The Last Shot
November 12, 2005
Starring: Matthew Broderick, Alec Baldwin, Toni Collette, Calista Flockhart, Ray Liotta, Tony Shalhoub, Tim Blake Nelson, James Rebhorn, Buck Henry, Jon Polito, Joan Cusack, ,
Actors love doing satires of Hollywood. Case in point: the movie star-packed cast of Robert Altman’s movie The Player (1992) and David Mamet’s State and Main (2000). The Last Shot (2004) follows in this tradition but as you’re watching this clumsy parody you have to wonder why did all of these name actors signed on to a movie with such an uninspiring screenplay?
Joe Devine (Baldwin) is a dedicated undercover FBI agent. So much so that he is willing to have a finger cut off in order to get the bad guys. He craves the plum assignments in New York City or Philadelphia but is instead stuck in Providence, Rhode Island by his superior (and brother). Tony Shalhoub plays a scarred gangster who also dreams of advancing to the big leagues and hopes that bribing Teamsters working for movie crews will be the way to achieve his goal.
In order to bust Shalhoub’s gangster, Devine decides to go undercover as a Hollywood movie producer. The only problem is that he doesn’t know anything about making a movie. Enter down-and-out screenwriter Steven Schats (Broderick) who is on the outs after a stint on the A-list. He too is also looking to get back on top and leave behind his crap job as a ticket taker at a movie theatre.
By chance, Devine and Schats cross paths and are exactly what each other is looking for. Devine needs a script and Schats needs a gig. Of course, Devine has no intention of actually making the movie. He even offers Schats the opportunity to direct and gives him final cut (which, realistically, should have made Schats suspicious). Initially, Schats thinks that he’s been give carte blanche to realize his vision but gradually Devine forces him to compromise more and more.
Schats is an idealistic dreamer in Hollywood so you know it’s a fantasy. Matthew Broderick is no stranger to this kind of comedy – he played a similar character in the much smarter and funnier movie, The Freshman (1990). Alec Baldwin has proven that he’s got the comedic chops with his numerous Saturday Night Live appearances and his hilarious role in Along Came Polly (2004) but he’s wasted here as the bland Devine.
The Last Shot tries to be a satire of Hollywood but just isn’t all that funny. The jokes fall flat and often feel forced. For example, a reoccurring gag involves Schat’s girlfriend’s (Flockhart) pathological hatred of dogs. At one point, she even holds a canine at knifepoint that tries to be edgy but just makes you hate her character and clumsily puts Devine and Schats together. The supporting characters, like Joan Cusack’s acerbic agent, are unfunny caricatures. Both Cusack and Flockhart deliver vulgar, one-note performances that does little to endear them.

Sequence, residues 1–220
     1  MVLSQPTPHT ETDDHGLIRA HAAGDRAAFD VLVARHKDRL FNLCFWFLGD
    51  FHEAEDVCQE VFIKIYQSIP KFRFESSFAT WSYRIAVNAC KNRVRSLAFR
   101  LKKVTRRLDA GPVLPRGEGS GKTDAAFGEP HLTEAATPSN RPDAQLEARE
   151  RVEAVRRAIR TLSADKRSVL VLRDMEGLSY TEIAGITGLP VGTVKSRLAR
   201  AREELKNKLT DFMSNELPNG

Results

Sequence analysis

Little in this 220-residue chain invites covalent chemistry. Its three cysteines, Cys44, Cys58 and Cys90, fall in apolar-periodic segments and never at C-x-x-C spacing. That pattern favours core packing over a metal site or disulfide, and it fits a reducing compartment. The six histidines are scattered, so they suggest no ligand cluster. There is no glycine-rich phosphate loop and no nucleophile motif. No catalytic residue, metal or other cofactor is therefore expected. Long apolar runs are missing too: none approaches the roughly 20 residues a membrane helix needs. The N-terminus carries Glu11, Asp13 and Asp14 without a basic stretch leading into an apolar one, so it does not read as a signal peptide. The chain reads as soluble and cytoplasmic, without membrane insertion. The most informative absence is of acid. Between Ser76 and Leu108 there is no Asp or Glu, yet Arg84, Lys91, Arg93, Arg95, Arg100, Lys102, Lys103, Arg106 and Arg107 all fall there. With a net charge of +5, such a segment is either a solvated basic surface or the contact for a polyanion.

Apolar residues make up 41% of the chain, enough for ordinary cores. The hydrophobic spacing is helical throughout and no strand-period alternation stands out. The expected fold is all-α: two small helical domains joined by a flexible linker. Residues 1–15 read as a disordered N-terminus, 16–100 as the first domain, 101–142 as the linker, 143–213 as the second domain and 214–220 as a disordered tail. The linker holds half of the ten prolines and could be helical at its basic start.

For a movie that is supposedly based on real events it comes across as a very cartoonish effort that tries too hard to be funny. For comedy to work it has to come naturally and The Last Shot is just too eager to please. It’s a shame that all of these talented people were wasted in such a lackluster movie.
“Inspired by Actual Events” is a featurette about how The Last Shot was based on an actual FBI sting operation that used a movie production as its cover. This extra reunites the people that Alec Baldwin and Matthew Broderick play in the movie. Oddly enough, the structure of The Last Shot follows the real events fairly closely.
Originally, writer/director Jeff Nathanson wanted to have his film narrated by famous movie stars but this proved impractical so he decided to pick famous Hollywood movie producer Robert Evans to narrate. “Robert Evans Presents” allows you to watch the movie with his narration or just on its own. It’s a shame this was cut because it would have been the best thing in the movie.
There are four deleted scenes that are introduced by Nathanson who says that his favourite thing is deleted scenes and that he wanted to make a movie so that one day he’d have them to show (?!).
“Joan Cusack’s Montage” features more footage of the actress adlibbing and riffing to the amusement of cast and crew.
Finally, there is an audio commentary by Nathanson and Matthew Broderick. The track begins on an awkward note as Nathanson tries to tell a joke…badly which sets the tone for the commentary and provides some insight into why this movie is so unfunny. Broderick gamely plays along but seems unsure of some of Nathanson’s reasonings behind what we are watching. The track has the same forced feel of the movie and ends up plodding along making it an endurance test to see if you can last to its conclusion.